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Combinatorial games are often called "abstract games", which is an ambigouous term since "abstract" is also often used to mean "themeless". Theme or lack of theme is irrelevant to whether a game is combinatorial. Played 2-player, games like Stephenson's Rocket and König von Siam and Imperial 2030 are combinatorial games, but most gamers would not call them abstract, due to their historical themes.
The term comes from mathematics (famously developed by Elwyn R. Berlekamp, John Conway, and Richard K. Guy in their book Winning Ways for Your Mathematical Plays) which analyzes such games. Traditionally the first player who cannot make a move is the loser in combinatorial games, but the theory is generalizable to include other types of end condition such as score or capture of a specific piece.
Combinatorial Game Theory has been used to analyze and even improve AI computer players of some classic games.
Traditionally the 2 players are called Left and Right. (Basically the same as saying Black and White in chess, for example.)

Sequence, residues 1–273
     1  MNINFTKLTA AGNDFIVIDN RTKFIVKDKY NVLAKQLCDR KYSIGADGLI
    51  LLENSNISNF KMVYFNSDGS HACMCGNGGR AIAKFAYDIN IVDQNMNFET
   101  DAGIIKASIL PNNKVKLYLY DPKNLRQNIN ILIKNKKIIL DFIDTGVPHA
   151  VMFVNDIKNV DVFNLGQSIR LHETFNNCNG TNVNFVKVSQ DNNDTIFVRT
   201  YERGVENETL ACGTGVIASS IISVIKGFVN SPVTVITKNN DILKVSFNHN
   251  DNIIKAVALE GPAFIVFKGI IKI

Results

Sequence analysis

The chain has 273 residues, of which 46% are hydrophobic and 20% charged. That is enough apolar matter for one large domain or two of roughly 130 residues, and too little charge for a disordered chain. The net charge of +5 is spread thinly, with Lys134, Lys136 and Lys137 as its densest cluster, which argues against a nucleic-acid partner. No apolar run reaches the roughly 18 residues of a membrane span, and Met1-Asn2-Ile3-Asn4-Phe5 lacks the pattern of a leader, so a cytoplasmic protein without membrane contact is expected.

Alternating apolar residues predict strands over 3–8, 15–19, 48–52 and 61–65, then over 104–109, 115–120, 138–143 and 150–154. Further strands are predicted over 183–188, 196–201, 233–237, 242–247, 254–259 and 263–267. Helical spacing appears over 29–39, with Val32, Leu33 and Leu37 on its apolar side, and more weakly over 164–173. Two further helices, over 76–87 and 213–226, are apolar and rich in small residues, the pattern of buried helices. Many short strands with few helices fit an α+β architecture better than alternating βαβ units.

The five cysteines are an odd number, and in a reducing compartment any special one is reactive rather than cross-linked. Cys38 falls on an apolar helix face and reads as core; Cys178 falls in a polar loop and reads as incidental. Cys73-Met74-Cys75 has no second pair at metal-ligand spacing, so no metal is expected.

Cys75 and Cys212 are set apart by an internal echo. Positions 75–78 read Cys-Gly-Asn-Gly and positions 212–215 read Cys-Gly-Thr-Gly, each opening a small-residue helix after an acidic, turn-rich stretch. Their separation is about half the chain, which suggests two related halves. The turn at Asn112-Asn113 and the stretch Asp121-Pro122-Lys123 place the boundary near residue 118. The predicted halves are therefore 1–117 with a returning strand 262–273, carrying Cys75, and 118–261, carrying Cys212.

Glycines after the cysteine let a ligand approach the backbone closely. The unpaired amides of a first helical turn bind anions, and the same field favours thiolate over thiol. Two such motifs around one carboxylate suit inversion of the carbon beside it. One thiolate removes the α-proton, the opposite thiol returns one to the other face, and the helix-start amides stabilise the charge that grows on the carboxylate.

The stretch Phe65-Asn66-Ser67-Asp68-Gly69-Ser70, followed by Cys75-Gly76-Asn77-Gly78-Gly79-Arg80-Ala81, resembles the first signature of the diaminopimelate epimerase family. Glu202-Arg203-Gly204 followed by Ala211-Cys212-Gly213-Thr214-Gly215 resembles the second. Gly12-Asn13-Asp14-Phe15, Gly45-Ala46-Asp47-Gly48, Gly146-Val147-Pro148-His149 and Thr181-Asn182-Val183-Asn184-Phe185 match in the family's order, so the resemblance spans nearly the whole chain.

In the strictest definition, a combinatorial game is guaranteed to terminate with one player winning (no ties/draws possible). Under that assumption, one of the basic theorems (which is not hard to prove) of CGT is that every game (i.e. game position) falls into one of these 4 classes:
N = fuzzy : the Next player to play (whether they are Left or Right) can force a win
It is easy to think of trivial examples of games for any of these categories. E.g. consider a trivial game where both players have some chips. On their turn a player must give up 1 or more of their chips. If a player have no chips to give up, then they lose. Obviously the optimal strategy is to give up only 1 chip each turn. What type of game is this? If both players start with an equal number of chips, then whoever moves next will lose eventually, running out of chips just before the opponent. If Left has more chips, then Left can force a win, regardless of who moves next. If Right has more chips, then Right can force a win.See:
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